The village of Compiano (Cumpiàn in parmesan dialect) is located in Val di Taro, Emilia Romagna. Small village completely surrounded by walls, closely tied to its castle. The etymology of the Compian name seems to derive from the Latin Cum Planum with the meaning of a flat field. Of medieval origin (IX century), it was the land of Malaspina until the 12th century when they gave possession of Compiano to the municipality of Piacenza which made it a feud of the Landi. Placed in a strategic position close to the territories of the republic of Genoa, it was considered a bastion to defend access to the upper valley of the Taro River, which is why it was often the center of territorial disputes until the fifteenth century was conquered by Filippo Maria Visconti which in turn gave it to Niccolò Piccinino. In the middle of the 16th century, Compiano became part of Spanish-controlled territories, elevated to the county rank by Charles V, who later returned to the Landes. Passed in 1626 to Doria became the possession of the Farnese inside the Duchy of Parma and Piacenza gradually losing importance. During the Second World War, in the summer of 1944, the area was Wallenstein's theater, a series of partisan raids carried out by Nazi-fascist forces.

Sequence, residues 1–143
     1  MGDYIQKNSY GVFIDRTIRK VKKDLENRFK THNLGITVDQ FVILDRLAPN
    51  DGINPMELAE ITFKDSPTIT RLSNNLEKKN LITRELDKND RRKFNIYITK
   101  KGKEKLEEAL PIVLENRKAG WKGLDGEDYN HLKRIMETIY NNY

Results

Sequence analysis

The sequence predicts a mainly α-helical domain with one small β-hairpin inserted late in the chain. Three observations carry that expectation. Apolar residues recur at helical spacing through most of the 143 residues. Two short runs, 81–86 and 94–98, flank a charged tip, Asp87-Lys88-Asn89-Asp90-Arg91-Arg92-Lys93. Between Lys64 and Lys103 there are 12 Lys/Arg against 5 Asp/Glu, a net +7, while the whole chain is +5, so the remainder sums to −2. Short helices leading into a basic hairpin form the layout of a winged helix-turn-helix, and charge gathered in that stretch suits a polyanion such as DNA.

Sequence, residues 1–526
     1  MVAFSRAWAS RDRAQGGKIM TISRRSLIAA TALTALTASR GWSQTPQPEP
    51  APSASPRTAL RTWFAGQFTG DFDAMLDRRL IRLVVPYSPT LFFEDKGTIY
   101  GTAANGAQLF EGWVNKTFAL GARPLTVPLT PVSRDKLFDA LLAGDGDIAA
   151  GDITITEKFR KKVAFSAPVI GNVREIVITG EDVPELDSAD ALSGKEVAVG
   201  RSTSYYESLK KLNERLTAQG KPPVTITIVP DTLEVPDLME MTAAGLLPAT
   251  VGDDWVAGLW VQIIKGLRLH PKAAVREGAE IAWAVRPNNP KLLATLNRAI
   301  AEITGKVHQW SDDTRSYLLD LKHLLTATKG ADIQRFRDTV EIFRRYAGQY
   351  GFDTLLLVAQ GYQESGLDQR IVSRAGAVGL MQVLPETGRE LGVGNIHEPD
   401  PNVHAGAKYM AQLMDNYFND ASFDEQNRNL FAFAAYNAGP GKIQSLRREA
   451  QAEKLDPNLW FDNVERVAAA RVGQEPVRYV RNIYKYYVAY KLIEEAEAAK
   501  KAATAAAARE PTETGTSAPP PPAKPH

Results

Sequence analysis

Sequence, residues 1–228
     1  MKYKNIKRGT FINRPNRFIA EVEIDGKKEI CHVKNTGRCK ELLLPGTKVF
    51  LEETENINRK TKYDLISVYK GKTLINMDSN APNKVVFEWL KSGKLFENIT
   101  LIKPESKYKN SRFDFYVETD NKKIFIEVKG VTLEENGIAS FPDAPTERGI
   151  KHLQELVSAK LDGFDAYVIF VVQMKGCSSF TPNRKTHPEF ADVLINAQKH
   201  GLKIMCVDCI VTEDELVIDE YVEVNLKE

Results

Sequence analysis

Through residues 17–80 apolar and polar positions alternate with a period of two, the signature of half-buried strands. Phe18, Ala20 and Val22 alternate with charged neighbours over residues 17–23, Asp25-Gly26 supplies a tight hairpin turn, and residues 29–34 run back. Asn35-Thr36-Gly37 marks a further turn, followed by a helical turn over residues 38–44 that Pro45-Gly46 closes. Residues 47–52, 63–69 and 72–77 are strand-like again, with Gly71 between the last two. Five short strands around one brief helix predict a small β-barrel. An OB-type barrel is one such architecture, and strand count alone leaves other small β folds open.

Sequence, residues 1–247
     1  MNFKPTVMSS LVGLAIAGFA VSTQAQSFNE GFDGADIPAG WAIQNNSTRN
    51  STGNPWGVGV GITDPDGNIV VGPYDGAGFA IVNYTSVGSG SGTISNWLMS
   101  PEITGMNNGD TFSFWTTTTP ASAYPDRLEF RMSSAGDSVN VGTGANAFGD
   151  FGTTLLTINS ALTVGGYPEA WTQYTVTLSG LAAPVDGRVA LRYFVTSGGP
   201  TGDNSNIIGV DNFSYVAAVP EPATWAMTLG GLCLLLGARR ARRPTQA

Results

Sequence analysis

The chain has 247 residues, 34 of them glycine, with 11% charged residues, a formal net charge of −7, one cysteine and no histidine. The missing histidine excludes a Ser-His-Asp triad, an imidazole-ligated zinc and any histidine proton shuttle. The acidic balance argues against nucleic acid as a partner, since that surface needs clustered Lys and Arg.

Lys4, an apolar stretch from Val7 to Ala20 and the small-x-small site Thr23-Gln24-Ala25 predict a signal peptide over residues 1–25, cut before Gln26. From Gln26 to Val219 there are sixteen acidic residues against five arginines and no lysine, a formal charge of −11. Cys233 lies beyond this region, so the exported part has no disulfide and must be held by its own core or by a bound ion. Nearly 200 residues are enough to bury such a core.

The Church of St. John the Baptist and the famous Castle of Compiano, dating back to 1141, are worth a visit.